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US gasoline consumption shows surprise fall in April: Kemp

US gasoline consumption

Strong US gasoline consumption along with consumption in India and China have been cited as the main reason for strong growth in oil consumption.  Getty Images photo.

US gasoline consumption overstated in March, understated in April

By John Kemp

LONDON, July 1 (Reuters) – US gasoline consumption was significantly lower in April than reported at the time, new data published by the Energy Information Administration on Thursday show.

Gasoline supplied to the domestic market averaged 9.213 million barrels per day (b/d) during April according to an estimate included in “Petroleum Supply Monthly” published on June 30.

Gasoline supplied was significantly lower than the four-week average of 9.474 million b/d contained in the final “Weekly Petroleum Status Report” for April published on May 4.

The downward revision in estimated consumption has encouraged analysts to reassess the strength of gasoline demand in the world’s largest driving market.

Strong demand for gasoline in the United States, as well as emerging markets including India and China, has been cited as the main reason for strong growth in oil consumption in 2016.

Strong gasoline demand underpins the argument for oil market rebalancing so anything that triggers a re-evaluation has important implications for the wider oil market.

But the most reasonable interpretation of the data suggests that gasoline consumption was slightly understated in April after being overstated in March, while the underlying growth trend is little changed.


Most analysts regard the monthly gasoline supplied data as more reliable than their weekly counterparts.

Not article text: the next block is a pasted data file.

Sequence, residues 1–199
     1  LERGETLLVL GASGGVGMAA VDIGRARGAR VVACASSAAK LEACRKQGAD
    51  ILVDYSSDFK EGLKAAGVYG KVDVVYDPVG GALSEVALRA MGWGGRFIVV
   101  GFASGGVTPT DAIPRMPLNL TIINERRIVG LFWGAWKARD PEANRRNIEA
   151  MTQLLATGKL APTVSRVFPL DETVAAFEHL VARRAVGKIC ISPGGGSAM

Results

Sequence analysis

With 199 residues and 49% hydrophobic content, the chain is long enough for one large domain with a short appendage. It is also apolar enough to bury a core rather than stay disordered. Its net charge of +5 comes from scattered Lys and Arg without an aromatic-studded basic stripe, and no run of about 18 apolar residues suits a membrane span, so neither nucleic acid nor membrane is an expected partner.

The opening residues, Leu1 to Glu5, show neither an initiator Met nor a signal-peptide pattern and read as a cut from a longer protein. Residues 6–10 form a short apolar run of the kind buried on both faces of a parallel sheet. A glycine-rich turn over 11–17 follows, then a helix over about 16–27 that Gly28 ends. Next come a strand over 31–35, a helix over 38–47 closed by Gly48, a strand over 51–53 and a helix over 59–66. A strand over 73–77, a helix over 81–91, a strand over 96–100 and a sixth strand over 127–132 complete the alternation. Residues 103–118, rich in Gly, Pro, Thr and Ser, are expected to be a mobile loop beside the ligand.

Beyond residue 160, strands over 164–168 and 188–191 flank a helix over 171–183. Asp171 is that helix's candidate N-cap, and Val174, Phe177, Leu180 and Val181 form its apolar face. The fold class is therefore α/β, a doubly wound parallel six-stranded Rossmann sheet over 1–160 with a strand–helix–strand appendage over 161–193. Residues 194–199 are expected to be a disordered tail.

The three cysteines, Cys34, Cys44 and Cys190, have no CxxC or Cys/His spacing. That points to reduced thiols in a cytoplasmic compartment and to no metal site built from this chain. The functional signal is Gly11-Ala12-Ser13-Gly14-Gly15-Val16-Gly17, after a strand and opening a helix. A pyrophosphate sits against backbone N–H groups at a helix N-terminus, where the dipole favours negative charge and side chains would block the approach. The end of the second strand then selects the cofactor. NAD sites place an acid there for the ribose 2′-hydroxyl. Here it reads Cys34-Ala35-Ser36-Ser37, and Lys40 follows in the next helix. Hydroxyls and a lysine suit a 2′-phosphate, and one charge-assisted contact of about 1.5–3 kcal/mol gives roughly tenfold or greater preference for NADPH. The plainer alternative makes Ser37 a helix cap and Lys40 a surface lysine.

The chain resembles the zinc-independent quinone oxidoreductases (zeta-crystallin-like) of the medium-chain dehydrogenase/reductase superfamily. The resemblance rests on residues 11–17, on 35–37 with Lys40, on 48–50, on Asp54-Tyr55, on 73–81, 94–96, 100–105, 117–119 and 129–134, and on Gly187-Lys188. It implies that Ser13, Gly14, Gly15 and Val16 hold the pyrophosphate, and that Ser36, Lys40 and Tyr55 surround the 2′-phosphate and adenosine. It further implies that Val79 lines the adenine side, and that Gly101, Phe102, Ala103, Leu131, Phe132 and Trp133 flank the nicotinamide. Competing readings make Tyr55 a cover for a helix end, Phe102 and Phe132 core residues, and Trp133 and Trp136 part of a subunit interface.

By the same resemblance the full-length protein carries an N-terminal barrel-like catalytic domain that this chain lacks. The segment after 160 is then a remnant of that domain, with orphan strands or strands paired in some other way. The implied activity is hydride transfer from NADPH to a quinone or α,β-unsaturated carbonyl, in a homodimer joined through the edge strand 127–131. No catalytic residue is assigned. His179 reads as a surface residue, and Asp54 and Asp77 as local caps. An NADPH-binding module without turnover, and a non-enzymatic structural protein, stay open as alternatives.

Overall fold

Both are estimates and calculated as residuals from reported domestic gasoline production plus imports minus exports minus stock changes.

Data on production, imports and stock changes are reported to the EIA in weekly and monthly surveys of the industry. Export data however is not reported to the EIA but to the U.S. customs service.

EIA has to estimate exports at the time of producing the weekly data; by the time it has to produce the monthly numbers it has hard figures on exports from U.S. customs.

Largely because of the problems associated with estimating exports in real time, most analysts regard the monthly data as more accurate.


Despite the differences, the gap between the daily consumption reported in the weekly surveys and the monthly survey for April amounts to just 260,000 b/d or 2.75 percent.

The gap is not especially large and actually represents a high level of accuracy given the enormous flows of physical oil which both the weekly and monthly surveys have to capture.

The lower level of gasoline consumption reported in the monthly survey is consistent with other data showing slower refinery run rates and an unusually high level of gasoline stocks in April.

Even at the lower level reported in the monthly survey, gasoline consumption was still up by 74,000 bpd compared with 2015 and only 2,000 bpd below the record rate set in 2007.

Moreover, there are some reasons to be cautious in relying on the monthly survey for April which comes after the previous monthly survey showed an exceptionally high level of consumption in March.

Monthly data put gasoline supplied at 9.4 million bpd in March, an increase of more than 340,000 bpd compared with the same month in 2015.

According to the monthly surveys, gasoline consumption then declined by 186,000 bpd between March and April, which if true, would be highly unusual.

Gasoline supplied normally increases significantly between March and April: the average increase over the last 70 years has been more than 160,000 bpd.

Gasoline supplied has only dropped between March and April in 10 years between 1945 and 2015. The last significant decline was back in 1995.

A reasonable conclusion is there is some noisiness in the data and that gasoline supplied was overstated in March and understated April.

The unusual decline in estimated consumption, and discrepancy between the weekly and monthly surveys for April, are a reminder about the dangers of over-interpreting noisy time series.

The broad picture, however, remains basically unchanged. U.S. gasoline consumption continues to grow significantly compared with 2015 and is on course to exceed the previous peak set in 2007.

The opinions expressed here are those of the author, a columnist for Reuters.

(Editing by William Hardy)

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